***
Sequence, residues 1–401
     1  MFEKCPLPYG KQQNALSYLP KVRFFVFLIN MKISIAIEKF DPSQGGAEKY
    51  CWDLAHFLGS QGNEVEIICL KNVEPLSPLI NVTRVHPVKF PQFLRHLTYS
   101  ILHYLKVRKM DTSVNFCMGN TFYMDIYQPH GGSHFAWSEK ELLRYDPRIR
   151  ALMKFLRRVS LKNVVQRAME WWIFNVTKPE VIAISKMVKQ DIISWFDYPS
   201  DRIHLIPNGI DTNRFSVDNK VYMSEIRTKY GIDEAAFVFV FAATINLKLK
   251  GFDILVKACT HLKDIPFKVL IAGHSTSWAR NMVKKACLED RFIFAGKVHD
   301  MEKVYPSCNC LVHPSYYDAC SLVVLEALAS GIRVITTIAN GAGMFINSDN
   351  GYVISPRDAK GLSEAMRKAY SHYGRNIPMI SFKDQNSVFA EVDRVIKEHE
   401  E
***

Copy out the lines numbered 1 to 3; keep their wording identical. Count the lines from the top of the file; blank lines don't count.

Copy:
Sequence, residues 1–401
     1  MFEKCPLPYG KQQNALSYLP KVRFFVFLIN MKISIAIEKF DPSQGGAEKY
    51  CWDLAHFLGS QGNEVEIICL KNVEPLSPLI NVTRVHPVKF PQFLRHLTYS